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Astronomers map the weather on a brown dwarf

Jan 31, 2014

Astronomers map the weather on a brown dwarf
Photo: ESO/I. Crossfield/N. Risinger

Think the weather's bad on Earth? Be grateful it's not raining molten iron.

A brown dwarf is an object in space bigger than a planet, but not big enough for the nuclear fusion that powers a star. Thanks to the discovery of a nearby example last year, scientists at the Max Planck Institute for Astronomy have been able to study these unusual objects in more detail than ever before - including making a map of the weather on the surface.

It's no place for a holiday. For a start, it's cloudy - but to make it worse, the clouds are at a temperature of 1000 C, and are believed to be made up of tiny droplets of molten iron. The atmosphere itself is mostly hydrogen. But the whole weather system is more complex than just a layer of clouds, with the structure of the clouds changing the further into the atmosphere you go.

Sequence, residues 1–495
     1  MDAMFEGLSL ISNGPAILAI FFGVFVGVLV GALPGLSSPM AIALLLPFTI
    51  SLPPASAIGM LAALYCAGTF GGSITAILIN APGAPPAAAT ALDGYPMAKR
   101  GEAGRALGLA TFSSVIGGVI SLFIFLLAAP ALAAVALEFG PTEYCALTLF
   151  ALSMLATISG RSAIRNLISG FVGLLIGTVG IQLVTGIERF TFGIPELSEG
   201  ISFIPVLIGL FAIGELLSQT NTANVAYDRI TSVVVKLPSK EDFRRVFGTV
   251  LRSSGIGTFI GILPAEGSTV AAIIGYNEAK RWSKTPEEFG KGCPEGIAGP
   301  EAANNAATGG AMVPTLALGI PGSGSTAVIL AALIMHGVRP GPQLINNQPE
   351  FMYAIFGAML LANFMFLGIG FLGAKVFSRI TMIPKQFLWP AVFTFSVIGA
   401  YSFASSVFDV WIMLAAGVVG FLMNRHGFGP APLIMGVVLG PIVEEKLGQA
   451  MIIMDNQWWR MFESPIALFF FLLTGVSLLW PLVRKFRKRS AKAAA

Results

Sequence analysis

If you want to take a closer look at the map, the leader of the research has turned the weather map into an origami template, so that anyone can fold their own brown dwarf at home.

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